Only people in valid, bona fide marriages are eligible to seek spousal visas to immigrate to the United States. A marriage is considered valid if it was legal where it took place, unless it violates U.S. public policy (for example, polygamous marriages or marriages between family members).
A marriage is considered bona fide if it was entered into in "good faith" and not just for immigration purposes. While people enter into marriage for many complex reasons, the basic requirement for a good faith marriage is that the parties intend to share a life together as spouses. The intent of the parties entering into the marriage is key to determining whether the marriage is bona fide, even if the marriage later breaks up.
If a marriage is not bona fide it is often referred to as a "sham" or "fake" marriage.
There are two main types of sham marriages: one-sided and two-sided.
In a one-sided sham marriage, only one person has bad faith intent in entering the union. In these cases, the noncitizen does not tell the U.S. citizen that his or her true motivation for entering the marriage is to secure a green card.
In a two-sided sham marriage, both parties agree to enter into a fake marriage to get around U.S. immigration laws or to secure an immigration benefit. In many of these cases, the U.S. citizen is either paid to enter into the marriage or marries the noncitizen out of friendship, or as a favor.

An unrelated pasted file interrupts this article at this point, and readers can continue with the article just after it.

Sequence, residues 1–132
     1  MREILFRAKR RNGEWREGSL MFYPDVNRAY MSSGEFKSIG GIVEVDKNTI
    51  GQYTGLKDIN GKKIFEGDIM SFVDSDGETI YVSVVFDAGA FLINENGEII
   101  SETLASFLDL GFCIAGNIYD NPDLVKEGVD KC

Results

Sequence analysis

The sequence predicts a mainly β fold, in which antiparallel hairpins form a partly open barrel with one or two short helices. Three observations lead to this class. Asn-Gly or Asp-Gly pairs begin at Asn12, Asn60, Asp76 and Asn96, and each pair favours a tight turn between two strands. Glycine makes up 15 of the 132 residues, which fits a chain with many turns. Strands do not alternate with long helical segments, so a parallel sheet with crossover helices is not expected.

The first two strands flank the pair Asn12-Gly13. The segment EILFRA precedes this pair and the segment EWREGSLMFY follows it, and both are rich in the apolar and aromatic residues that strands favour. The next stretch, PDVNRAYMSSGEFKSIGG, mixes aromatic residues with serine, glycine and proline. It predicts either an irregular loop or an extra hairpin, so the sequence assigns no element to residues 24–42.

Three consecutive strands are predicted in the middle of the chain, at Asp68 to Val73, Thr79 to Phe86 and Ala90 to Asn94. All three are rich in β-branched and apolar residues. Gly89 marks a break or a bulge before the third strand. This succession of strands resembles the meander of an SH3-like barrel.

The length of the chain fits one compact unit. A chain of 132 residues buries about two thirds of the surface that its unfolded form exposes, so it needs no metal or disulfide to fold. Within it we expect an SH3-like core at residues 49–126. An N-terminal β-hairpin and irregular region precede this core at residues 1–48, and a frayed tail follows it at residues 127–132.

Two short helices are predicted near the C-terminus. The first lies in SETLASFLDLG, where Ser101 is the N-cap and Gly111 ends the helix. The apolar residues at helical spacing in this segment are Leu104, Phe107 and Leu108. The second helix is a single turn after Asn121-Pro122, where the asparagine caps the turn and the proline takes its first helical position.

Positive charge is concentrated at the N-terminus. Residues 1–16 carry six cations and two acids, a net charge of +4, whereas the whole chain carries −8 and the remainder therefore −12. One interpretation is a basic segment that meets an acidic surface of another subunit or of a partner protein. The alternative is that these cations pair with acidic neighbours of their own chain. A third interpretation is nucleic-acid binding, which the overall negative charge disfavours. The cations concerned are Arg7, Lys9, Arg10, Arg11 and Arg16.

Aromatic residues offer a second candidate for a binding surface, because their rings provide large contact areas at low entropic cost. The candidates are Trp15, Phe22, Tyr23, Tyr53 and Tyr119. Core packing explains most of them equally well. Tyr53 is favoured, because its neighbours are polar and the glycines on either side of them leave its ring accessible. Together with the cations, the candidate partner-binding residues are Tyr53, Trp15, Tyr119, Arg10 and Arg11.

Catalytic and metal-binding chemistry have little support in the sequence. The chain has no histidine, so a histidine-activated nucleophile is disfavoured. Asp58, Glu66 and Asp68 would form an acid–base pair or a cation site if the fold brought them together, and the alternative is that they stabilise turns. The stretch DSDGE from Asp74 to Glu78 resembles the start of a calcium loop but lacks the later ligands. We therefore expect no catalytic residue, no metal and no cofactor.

There are certain "red flags" that will cause the U.S. government to believe a marriage is fake including:
While these will raise red flags, no factor is determinative of a sham marriage. A red flag can be overcome if there is a valid explanation or there are other factors that indicate that the marriage is bona fide.
Factors that signal a good faith, bona fide marriage, which the U.S. government is more likely to approve a visa or green card based on, include:
If the U.S. government determines that a marriage is a sham, the spousal visa or green card will be denied and the noncitizen will face removal (deportation) from the United States. There are strong criminal penalties for marriage fraud in the U.S., as well.
An individual who knowingly enters into a sham marriage for immigration purposes can face up to five years in prison and be fined up to $250,000. An individual may also be charged with additional criminal charges related to marriage fraud.